But it’s not just the fish we should be worried about. Many of the species at risk over the next century are economically and ecologically valuable — entire ecosystems could collapse, and billions of people could lose an essential source of protein and profit. Read the full story by CNN.
Thursday: E-waste is piling up
We’re trashing more and more phones, computers, and appliances each year. And according to a new report, in 2019 we generated the largest amount of electronic waste ever recorded.
E-waste in 2019 was up globally 21% from 2014 — worse still, the report predicts we’ll double 2014 numbers by 2030 if we don’t take global action. Only 17% of the 53.6 million metric tons was officially recycled last year, meaning most of it was left to poison the surrounding environment.
“Electronic companies do a great job of designing for pleasure and efficiency, but the rapid change in consumer demand also means that they’re designing for obsolescence,” Scott Cassel, founder of the Product Stewardship Institute, told The Verge. “It’s not only that our oceans are filling with plastic. But our land is filling with electronic waste.”
Friday, July 3: Heatwaves are longer, the summer is hotter
In every part of the world, heatwaves are longer and more frequent than in the 1950s, according to a new study published in Nature Communications. The study was the first of its kind to look at heatwaves on a regional level.
“The dramatic region-by-region change in heatwaves we have witnessed, and the rapid increase in the number of these events, are unequivocal indicators that global heating is with us and accelerating,” Sarah Perkins-Kirkpatrick, lead author of the study, told The Guardian.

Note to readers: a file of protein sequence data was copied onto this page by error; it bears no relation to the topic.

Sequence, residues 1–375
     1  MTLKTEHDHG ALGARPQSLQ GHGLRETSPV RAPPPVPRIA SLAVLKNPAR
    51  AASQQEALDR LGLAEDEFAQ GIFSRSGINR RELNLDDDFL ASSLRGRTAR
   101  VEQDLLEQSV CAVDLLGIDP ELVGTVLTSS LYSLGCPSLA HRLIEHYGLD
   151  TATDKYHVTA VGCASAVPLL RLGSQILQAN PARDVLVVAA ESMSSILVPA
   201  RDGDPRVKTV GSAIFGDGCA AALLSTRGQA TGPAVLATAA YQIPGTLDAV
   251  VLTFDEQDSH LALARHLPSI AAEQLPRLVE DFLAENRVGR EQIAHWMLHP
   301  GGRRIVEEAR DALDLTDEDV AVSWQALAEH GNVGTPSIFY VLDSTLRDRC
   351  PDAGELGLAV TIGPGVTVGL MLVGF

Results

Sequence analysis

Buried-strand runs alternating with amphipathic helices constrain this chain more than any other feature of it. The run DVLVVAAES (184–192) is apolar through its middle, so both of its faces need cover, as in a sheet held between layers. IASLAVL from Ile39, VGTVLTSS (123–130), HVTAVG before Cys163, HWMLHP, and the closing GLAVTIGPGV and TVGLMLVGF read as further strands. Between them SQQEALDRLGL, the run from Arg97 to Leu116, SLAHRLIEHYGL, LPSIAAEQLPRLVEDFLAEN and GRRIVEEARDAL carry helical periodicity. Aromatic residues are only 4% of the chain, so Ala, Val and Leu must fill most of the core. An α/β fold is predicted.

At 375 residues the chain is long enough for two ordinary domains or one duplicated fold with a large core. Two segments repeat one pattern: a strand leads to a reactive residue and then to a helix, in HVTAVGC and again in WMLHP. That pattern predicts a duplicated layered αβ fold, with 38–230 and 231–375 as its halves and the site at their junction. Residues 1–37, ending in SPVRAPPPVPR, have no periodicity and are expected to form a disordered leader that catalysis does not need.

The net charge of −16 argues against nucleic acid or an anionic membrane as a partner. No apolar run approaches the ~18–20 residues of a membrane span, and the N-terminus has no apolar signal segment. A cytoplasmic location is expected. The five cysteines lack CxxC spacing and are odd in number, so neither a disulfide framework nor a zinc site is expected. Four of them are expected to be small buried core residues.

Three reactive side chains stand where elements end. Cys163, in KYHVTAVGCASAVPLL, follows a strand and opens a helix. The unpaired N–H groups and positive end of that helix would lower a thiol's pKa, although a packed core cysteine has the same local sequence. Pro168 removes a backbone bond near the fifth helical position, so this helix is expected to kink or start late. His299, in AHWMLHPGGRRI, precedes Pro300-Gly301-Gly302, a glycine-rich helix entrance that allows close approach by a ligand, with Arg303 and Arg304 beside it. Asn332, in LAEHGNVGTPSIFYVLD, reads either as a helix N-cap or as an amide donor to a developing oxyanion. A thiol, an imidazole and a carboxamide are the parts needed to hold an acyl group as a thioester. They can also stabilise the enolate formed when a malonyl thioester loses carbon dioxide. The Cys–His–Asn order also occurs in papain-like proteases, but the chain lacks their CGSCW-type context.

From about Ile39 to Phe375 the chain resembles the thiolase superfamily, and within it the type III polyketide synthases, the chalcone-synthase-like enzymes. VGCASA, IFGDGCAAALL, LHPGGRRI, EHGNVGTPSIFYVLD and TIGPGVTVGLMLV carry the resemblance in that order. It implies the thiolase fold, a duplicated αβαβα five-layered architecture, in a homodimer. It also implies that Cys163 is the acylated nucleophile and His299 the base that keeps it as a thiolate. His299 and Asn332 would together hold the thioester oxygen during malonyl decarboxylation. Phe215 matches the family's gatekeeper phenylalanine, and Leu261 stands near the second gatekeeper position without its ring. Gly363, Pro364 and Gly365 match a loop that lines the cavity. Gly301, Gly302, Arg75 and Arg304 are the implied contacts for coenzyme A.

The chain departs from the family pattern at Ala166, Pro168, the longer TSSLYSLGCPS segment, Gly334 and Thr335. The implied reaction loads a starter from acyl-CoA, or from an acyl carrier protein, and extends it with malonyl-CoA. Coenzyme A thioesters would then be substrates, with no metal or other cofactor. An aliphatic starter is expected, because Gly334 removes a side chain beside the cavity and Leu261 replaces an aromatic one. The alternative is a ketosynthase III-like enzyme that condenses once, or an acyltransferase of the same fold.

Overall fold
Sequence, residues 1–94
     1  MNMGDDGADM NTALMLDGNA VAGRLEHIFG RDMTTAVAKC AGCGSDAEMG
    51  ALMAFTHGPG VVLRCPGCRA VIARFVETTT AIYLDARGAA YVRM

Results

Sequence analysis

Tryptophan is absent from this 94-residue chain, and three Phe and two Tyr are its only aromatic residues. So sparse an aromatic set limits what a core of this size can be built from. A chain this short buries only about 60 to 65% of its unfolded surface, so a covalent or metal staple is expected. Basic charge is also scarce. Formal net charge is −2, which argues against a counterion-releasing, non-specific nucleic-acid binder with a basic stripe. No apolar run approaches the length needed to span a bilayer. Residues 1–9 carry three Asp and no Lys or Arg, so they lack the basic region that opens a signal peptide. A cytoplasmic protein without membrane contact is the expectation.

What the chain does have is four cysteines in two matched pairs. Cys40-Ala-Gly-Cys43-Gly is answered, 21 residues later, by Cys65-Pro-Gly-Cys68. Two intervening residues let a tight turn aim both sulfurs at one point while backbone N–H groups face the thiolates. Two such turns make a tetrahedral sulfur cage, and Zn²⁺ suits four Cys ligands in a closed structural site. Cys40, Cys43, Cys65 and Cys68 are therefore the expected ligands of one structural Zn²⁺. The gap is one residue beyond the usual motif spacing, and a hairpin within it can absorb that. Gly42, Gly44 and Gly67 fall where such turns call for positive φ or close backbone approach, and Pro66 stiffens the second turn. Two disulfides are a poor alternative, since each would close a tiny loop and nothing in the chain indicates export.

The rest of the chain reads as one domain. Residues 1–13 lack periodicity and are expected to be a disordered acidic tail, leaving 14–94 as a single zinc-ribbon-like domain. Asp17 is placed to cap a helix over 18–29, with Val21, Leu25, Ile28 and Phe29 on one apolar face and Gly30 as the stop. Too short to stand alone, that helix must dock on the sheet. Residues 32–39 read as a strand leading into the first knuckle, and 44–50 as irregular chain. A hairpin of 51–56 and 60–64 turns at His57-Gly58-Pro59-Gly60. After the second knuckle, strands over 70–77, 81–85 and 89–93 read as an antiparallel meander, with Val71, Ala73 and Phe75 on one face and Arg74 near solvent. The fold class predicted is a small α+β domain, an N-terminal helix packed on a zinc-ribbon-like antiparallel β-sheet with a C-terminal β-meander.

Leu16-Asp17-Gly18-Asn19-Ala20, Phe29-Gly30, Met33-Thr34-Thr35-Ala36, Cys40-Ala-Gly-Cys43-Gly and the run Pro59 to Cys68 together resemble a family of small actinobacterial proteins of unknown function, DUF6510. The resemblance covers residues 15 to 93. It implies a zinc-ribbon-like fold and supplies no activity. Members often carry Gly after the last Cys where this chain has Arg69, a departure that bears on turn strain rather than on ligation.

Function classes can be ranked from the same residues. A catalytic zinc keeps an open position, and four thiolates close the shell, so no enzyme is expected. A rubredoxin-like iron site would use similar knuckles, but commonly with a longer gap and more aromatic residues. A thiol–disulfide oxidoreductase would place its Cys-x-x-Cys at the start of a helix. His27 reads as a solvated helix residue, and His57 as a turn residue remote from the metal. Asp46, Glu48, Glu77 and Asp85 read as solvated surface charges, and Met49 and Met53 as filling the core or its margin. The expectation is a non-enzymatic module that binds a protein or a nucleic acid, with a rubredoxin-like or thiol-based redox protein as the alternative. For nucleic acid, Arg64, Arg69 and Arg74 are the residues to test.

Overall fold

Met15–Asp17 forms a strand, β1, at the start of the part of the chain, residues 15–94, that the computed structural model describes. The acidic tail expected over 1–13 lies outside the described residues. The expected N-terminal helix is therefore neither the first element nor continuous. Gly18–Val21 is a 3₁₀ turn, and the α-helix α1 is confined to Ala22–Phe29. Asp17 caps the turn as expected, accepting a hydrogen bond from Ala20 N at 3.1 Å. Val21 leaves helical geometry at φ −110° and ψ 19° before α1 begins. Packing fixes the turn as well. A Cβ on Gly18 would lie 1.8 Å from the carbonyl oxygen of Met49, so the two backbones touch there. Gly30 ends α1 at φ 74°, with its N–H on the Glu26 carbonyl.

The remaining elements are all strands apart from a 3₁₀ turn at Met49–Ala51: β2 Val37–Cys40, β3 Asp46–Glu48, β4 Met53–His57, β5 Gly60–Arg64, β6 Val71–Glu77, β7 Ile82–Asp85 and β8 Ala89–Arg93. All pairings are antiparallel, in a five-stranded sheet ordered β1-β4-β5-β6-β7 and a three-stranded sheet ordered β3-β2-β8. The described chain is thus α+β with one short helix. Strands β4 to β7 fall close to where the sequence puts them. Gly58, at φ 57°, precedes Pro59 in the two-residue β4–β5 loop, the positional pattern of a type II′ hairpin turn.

Speaking of heatwaves, the U.S. is expected to see historic heat in the first weeks of July, which will increase wildfire risk in already dry states like Arizona and Texas, reports CNBC. And in Australia, bushfires, combined with deforestation, may drive Koala Bears in New South Wales, Australia, to extinction by 2050, according to a new government report.
This week: 2020’s first climate change summit
This week, the International Energy Agency (IEA) will host an online summit for the world’s biggest economies as well as developing countries, reports The Guardian. It will be the first major international summit on climate change this year.
Despite the U.S. dragging its feet in green recovery plans (none of its $3 trillion in COVID-19 stimulus packages addresses climate change), the country will be in attendance, alongside the European Union, India, and China.
“Even if governments do not take climate change as a key priority, they should still implement our sustainable recovery plan just to create jobs and to give economic growth,” said Fatih Birol, the executive director of the IEA.
Bonus: Big bears get ready for winter
While we all struggle to recover from the first six months of 2020, brown bears at Katmai National Park and Preserve in Alaska are already looking toward winter.
Each summer, the National Park Service sets up five webcams to capture the bears feeding and relaxing in the river. And lucky for us, June and July are the best months to watch these bears fatten up — some larger bears catch upward of 30 salmon, weighing in at 120 pounds of fish eaten per day.
Add bear watching to your list of pandemic hobbies: Check out the livestreams.